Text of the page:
He’s ready to go. Look, on Monday, we were — we had to make decisions about — we never ended up talking about this, but it was such a strange game Monday that you have to prepare — we have to be ready for the game on Tuesday. So in the end, my goal was to not use one of those three guys. I really thought it was important that we didn’t use one of Josh [Hader], Corey [Knebel], and J.J. [Jeffress], and so we ended up not suing J.J., and that puts J.J. as the most rested guy and a very rested guy going into the series.


I was concerned about J.J.’s usage frequently this season. He got to his innings in a different way, on much more frequent appearances. And I thought, in the month of September, getting him a break if possible would be very fruitful for the month of October, and the way his usage worked and the games worked, we were able to do that. He’s not — he’s good to go, man. He’s going to pitch a lot of innings this series.

Jeffress proceeded to give up back to back singles to Gerardo Parra and Matt Holliday, with Charlie Blackmon appearing to hit a ground-rule double that turned out to be just foul after a replay review.

After a single, an error, and a sacrifice fly, the game was tied 2-2 with runners on first and third and only one out. A fielder’s choice and strikeout later prevented more damage. Both Counsell and Yelich pointed to Jeffress’s recovery — his ability to preserve the tie — as an important part of the game, but there will be more questions about Jeffress’s performance. In his final appearance of the regular season against the Tigers, Jeffress’s fastballs averaged 96.2 mph. In last night’s game, he sat just below 95 mph, though, and every pitch after Arenado’s tying sac fly game was a breaking pitch.

All’s Well That Ends Well

In the 10th, after a scoreless inning from Joakim Soria, Christian Yelich battled from 0-2 to draw a walk. Yelich didn’t get the opportunity to test Adam Ottavino’s weakness, as a wild pitch sent him to second base, but after a strikeout, an intentional walk, and a fielder’s choice, Mike Moustakas stepped to the plate with runners on first and third.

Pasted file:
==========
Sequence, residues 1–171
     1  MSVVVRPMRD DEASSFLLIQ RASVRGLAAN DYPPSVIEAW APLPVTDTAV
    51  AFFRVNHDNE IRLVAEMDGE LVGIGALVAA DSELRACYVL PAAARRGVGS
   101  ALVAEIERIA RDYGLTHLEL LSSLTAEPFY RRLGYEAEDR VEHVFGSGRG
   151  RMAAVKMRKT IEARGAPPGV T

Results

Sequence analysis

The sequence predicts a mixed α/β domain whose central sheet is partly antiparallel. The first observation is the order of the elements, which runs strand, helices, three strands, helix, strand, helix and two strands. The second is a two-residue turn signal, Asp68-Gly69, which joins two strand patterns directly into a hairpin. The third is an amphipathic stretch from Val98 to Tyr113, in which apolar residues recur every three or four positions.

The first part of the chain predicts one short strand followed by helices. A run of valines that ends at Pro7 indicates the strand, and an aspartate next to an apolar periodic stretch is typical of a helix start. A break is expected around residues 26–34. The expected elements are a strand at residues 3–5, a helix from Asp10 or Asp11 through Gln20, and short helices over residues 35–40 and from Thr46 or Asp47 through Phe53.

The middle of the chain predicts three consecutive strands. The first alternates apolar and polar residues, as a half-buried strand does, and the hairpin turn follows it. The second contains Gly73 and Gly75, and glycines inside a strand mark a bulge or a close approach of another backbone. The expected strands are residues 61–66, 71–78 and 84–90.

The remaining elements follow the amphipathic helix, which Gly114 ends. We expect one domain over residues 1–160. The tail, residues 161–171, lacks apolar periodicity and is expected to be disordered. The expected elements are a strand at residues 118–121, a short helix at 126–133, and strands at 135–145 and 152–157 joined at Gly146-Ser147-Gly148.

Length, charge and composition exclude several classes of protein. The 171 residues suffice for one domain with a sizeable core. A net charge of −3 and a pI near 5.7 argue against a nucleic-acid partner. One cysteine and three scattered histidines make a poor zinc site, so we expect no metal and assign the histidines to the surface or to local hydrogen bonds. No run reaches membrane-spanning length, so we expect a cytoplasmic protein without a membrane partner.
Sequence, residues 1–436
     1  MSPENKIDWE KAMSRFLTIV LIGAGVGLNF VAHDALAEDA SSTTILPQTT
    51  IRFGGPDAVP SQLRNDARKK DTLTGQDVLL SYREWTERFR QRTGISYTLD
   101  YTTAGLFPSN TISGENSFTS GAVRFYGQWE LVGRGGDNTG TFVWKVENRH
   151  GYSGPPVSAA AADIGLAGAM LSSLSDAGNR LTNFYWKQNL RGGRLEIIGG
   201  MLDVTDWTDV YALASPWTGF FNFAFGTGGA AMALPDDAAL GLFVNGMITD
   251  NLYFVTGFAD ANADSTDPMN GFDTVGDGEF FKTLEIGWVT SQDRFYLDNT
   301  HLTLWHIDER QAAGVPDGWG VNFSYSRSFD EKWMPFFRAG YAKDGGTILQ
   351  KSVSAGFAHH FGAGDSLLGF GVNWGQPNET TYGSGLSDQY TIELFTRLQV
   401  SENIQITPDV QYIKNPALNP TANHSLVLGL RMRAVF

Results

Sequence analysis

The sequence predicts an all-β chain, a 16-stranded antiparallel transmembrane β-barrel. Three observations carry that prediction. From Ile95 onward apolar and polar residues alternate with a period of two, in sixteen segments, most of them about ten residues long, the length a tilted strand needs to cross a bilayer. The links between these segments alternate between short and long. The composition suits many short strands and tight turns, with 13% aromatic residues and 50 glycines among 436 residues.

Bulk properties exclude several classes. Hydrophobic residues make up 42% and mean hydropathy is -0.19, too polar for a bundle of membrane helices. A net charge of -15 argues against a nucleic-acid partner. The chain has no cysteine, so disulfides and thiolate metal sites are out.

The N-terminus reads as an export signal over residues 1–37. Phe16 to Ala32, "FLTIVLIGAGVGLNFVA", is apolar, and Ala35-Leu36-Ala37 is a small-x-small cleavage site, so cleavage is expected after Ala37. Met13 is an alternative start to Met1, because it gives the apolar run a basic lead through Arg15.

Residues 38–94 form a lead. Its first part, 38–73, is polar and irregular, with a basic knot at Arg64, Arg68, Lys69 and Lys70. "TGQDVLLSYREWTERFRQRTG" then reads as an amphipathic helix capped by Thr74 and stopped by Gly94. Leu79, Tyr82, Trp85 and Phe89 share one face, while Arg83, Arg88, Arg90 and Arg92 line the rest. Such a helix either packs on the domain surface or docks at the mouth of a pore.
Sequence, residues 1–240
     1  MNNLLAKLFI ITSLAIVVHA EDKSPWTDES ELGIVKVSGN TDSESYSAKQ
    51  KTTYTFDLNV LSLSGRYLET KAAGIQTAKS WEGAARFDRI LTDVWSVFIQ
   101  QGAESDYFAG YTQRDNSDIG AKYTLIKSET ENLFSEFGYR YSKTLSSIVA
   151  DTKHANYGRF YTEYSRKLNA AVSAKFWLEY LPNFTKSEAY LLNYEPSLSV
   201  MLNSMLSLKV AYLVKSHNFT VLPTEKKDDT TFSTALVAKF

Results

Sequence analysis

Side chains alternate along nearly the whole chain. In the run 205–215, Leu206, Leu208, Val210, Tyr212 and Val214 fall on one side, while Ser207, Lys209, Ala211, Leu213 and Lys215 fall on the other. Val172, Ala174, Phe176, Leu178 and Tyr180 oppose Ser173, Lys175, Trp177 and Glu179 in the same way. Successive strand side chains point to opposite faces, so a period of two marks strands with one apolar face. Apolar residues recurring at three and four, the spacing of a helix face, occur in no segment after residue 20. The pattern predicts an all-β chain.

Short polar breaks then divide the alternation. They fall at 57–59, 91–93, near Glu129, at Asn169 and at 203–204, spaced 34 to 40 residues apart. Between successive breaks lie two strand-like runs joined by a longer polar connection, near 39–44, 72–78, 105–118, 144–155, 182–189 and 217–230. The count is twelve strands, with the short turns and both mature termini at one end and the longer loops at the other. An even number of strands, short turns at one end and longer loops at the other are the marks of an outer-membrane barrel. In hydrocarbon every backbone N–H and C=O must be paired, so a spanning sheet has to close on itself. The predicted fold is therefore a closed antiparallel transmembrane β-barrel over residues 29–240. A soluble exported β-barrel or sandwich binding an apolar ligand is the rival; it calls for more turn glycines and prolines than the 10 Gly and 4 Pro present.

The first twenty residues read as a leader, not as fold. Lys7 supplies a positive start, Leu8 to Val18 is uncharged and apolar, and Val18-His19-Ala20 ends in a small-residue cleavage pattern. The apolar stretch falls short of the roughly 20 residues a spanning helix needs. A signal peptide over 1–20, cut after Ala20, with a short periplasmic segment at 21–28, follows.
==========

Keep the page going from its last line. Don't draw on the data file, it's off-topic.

With Manny Piña on deck, Bud Black could have walked Moustakas intentionally like he had done earlier in the game, but Ottavino recorded a 12% walk rate this year — and a 16% mark a year ago — so loading the bases might have increased the odds of a loss no matter who was at the plate. Bringing in a reliever would likely have been just as risky. Given that Moustakas almost struck out on a foul tip in the same at-bat, it’s hard to say Ottavino shouldn’t have been pitching in that situation. If the game had continued, the Brewers would have pitched Gio Gonzalez in the 11th inning. Fortunately for them, they didn’t need to reformulate their strategy once again.

The Brewers didn’t quite execute as planned, but their parade of relievers/semi-starters and Christian Yelich got the job done. With one game in hand, the Brewers will advance as long as they don’t lose three of four games, something they’ve only done once since August 19, a period of 38 games.

Craig Edwards can be found on twitter @craigjedwards.

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5 years ago

Good game analysis!